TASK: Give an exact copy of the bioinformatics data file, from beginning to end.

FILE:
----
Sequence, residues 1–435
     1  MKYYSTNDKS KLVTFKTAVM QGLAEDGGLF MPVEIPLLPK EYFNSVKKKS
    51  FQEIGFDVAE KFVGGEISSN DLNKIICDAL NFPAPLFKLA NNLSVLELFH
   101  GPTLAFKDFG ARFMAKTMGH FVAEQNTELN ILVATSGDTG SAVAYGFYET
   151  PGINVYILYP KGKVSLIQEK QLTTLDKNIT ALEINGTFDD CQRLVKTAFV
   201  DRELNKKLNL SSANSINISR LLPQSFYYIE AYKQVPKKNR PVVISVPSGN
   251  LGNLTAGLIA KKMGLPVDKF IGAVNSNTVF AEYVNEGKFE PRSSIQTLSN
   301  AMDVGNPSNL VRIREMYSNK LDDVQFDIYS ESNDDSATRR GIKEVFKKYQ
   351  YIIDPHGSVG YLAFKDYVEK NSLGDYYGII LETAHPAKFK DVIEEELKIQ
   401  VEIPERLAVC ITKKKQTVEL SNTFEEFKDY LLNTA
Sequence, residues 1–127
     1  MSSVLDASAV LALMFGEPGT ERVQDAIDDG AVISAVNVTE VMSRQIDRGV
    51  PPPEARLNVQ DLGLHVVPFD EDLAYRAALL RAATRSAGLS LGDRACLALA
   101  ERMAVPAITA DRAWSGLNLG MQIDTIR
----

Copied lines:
Sequence, residues 1–435
     1  MKYYSTNDKS KLVTFKTAVM QGLAEDGGLF MPVEIPLLPK EYFNSVKKKS
    51  FQEIGFDVAE KFVGGEISSN DLNKIICDAL NFPAPLFKLA NNLSVLELFH
   101  GPTLAFKDFG ARFMAKTMGH FVAEQNTELN ILVATSGDTG SAVAYGFYET
   151  PGINVYILYP KGKVSLIQEK QLTTLDKNIT ALEINGTFDD CQRLVKTAFV
   201  DRELNKKLNL SSANSINISR LLPQSFYYIE AYKQVPKKNR PVVISVPSGN
   251  LGNLTAGLIA KKMGLPVDKF IGAVNSNTVF AEYVNEGKFE PRSSIQTLSN
   301  AMDVGNPSNL VRIREMYSNK LDDVQFDIYS ESNDDSATRR GIKEVFKKYQ
   351  YIIDPHGSVG YLAFKDYVEK NSLGDYYGII LETAHPAKFK DVIEEELKIQ
   401  VEIPERLAVC ITKKKQTVEL SNTFEEFKDY LLNTA
Sequence, residues 1–127
     1  MSSVLDASAV LALMFGEPGT ERVQDAIDDG AVISAVNVTE VMSRQIDRGV
    51  PPPEARLNVQ DLGLHVVPFD EDLAYRAALL RAATRSAGLS LGDRACLALA
   101  ERMAVPAITA DRAWSGLNLG MQIDTIR